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Category Archives: book reviews

Living Lies – Natalie Walters

Lane Kent returns to her home town of Walton, Georgia. Fighting a dangerous depression after the death of her husband, she and her 5 year-old son hope to start a new life.

Out on a walk, she finds a highly disturbing find – a murder has occurred in this quiet town. And the discovery of the body gives a sizeable challenge to the new Deputy, and this all occurs on the first chapter!

Natalie Walters has given her readers an gripping mystery. I found myself not able to walk away from this read, until the last page was turned. She brings the audience into the lives of her characters, and fully into the mystery of the death that affects the whole town.

Lane’s father is less than supportive – unless it makes him look good in the press, and her mother is a willing participant in that behaviour. Her boss is a loving “grandma” who cares for the town through her cooking at the town cafe, where gossip and news get shared with equal zeal, right alongside of caring for others.

While both Lane and Charlie try to establish new normals in their lives, this murder is at the centre of everything. The novel is engaging, a mystery that holds on.

I would recommend this to a “new to Christian Fiction” reader, a John Grisham fan, and those who enjoy intrigue. Natalie is an author I’ve not read before, but be very sure – she’s one who’s work I will seek out again!

“Book has been provided courtesy of Baker Publishing Group and Graf-Martin Communications, Inc.”

 
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Posted by on September 18, 2019 in book reviews

 

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Cost of Betrayal – Henderson, Pettrey and Eason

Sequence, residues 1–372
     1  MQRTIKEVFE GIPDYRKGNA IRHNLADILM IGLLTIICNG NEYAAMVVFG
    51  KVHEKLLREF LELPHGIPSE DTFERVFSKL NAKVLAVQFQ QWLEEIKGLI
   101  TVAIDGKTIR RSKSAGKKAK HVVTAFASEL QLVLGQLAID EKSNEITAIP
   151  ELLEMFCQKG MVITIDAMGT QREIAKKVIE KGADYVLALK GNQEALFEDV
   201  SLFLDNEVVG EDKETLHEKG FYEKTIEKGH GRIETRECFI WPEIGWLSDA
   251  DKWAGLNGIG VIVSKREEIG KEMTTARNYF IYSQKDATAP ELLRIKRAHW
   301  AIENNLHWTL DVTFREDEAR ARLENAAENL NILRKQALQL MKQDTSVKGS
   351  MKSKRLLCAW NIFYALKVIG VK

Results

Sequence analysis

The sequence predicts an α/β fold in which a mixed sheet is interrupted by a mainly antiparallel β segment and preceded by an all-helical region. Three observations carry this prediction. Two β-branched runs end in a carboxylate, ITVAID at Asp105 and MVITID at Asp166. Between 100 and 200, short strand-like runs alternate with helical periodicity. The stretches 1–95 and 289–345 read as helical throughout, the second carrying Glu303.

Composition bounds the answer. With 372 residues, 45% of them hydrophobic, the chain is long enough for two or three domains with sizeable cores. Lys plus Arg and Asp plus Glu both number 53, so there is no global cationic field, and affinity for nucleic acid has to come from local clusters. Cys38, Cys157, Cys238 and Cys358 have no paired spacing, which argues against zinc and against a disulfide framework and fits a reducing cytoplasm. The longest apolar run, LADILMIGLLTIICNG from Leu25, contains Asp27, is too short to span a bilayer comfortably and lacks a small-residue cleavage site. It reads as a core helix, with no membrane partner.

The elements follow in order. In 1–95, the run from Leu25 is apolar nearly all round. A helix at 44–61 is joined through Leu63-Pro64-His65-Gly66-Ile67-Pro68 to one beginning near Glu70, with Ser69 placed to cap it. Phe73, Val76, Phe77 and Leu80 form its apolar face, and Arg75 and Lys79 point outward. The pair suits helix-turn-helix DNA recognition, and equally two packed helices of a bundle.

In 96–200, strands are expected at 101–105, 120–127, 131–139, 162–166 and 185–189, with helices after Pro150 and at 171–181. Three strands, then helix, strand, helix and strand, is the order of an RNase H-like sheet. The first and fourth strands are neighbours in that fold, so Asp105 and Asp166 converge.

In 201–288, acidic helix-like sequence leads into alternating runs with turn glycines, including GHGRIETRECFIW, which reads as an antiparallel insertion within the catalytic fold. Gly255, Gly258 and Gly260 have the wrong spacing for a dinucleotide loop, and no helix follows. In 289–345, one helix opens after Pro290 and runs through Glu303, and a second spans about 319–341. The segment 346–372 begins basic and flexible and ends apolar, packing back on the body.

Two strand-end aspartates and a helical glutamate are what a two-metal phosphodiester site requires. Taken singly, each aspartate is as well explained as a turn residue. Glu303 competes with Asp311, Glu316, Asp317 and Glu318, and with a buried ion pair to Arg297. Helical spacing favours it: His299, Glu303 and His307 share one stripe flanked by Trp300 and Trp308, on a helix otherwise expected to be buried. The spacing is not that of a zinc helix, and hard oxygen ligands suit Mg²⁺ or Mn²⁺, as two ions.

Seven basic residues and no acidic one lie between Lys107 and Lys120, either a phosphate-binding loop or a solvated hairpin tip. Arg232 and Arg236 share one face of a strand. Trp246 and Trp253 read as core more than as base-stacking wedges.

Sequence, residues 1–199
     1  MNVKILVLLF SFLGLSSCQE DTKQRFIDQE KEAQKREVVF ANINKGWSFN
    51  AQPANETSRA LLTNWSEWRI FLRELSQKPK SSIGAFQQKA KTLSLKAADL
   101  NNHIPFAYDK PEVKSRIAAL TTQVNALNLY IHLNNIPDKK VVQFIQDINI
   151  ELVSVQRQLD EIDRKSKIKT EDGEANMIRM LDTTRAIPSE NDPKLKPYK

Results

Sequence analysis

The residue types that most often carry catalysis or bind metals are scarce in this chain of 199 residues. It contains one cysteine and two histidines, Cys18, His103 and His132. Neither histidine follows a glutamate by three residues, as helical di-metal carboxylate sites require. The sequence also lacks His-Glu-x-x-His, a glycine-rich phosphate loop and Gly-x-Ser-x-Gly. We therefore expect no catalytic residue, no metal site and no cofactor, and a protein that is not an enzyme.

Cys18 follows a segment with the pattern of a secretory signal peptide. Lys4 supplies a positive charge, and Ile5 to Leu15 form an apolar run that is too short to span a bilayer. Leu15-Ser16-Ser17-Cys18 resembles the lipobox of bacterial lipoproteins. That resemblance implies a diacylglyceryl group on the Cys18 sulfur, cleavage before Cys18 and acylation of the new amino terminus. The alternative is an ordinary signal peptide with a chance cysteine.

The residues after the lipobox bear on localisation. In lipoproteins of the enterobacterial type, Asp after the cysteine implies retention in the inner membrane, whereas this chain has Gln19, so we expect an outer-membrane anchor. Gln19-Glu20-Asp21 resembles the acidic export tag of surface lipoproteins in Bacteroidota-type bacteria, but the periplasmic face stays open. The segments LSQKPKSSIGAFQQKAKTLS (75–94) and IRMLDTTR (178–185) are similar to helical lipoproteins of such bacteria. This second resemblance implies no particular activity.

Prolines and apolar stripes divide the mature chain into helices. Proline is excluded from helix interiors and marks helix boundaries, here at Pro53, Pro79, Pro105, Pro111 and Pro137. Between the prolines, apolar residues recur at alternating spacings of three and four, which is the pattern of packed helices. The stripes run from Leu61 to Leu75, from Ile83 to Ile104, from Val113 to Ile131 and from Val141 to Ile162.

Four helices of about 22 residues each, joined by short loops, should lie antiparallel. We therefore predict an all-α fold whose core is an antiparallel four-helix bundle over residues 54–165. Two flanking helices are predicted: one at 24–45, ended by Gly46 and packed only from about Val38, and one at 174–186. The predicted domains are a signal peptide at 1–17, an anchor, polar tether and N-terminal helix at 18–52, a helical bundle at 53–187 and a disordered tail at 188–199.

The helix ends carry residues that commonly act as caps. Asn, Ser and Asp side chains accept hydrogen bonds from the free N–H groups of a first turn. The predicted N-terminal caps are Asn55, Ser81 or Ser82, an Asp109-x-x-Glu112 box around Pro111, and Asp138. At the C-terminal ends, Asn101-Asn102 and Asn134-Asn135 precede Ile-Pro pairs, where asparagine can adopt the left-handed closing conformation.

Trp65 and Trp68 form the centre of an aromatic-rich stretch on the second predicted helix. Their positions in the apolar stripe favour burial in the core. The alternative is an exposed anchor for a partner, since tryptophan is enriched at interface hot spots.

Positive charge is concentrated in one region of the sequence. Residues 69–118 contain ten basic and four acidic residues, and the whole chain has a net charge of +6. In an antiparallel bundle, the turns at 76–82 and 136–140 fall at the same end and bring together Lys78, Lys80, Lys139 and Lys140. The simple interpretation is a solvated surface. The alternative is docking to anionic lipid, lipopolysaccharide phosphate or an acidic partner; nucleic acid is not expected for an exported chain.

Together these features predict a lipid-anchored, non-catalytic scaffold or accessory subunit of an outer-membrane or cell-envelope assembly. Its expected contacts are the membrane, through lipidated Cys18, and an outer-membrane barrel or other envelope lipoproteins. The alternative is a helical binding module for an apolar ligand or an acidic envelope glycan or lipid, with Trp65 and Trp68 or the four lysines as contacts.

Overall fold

the cost of betrayal pictureI am a complete suspense fan – perfect reading for travels and time away. This offering for review as just that. 3 novellas in one edition, and a chance to “meet” 2 authors I’ve not read before.

The first story is by Dee Henderson, Known for her suspense filled series. “Betrayed” returns Paul and Ann Falcon to the reader. This time, they trip into the mystery of a murder, and the case the woman who’s been convicted of it – all because of an auction purchase. Ann thinks she’s picking up props for a new painting…

It was with this novella that I was reminded why I don’t often read this form of fiction. There just isn’t the space for the development and details that a full novel offers. Dee’s Known for her forensic details, and this presentation just doesn’t allow for it. Perhaps this is just the jumping point for a new trilogy?!

Dani Pettrey is an author I’ve not read before, but I know I’ll be picking up again. “Tenni” and her cousin, Julia have a tradition of racing each other to the buoy off the island as a way to end the season. But this time was different. When Tenni arrives at the marker, there is no sign of Julia, but there are signs that something terrible has happened to someone! A storm requires her return to safety, and the dark mystery begins to unfold. And how well this novella draws you in!

Lynette Eason’s contribution is the final section of the book, and “Code of Ethics” is the tale.  An officer is wounded on duty, and despite surviving the surgery – his life is in danger during recovery.  That threat comes because of retaliation of his having reporting a dirty fellow officer.  Lynette weaves this tale with great suspense and is yet another author to add to my list.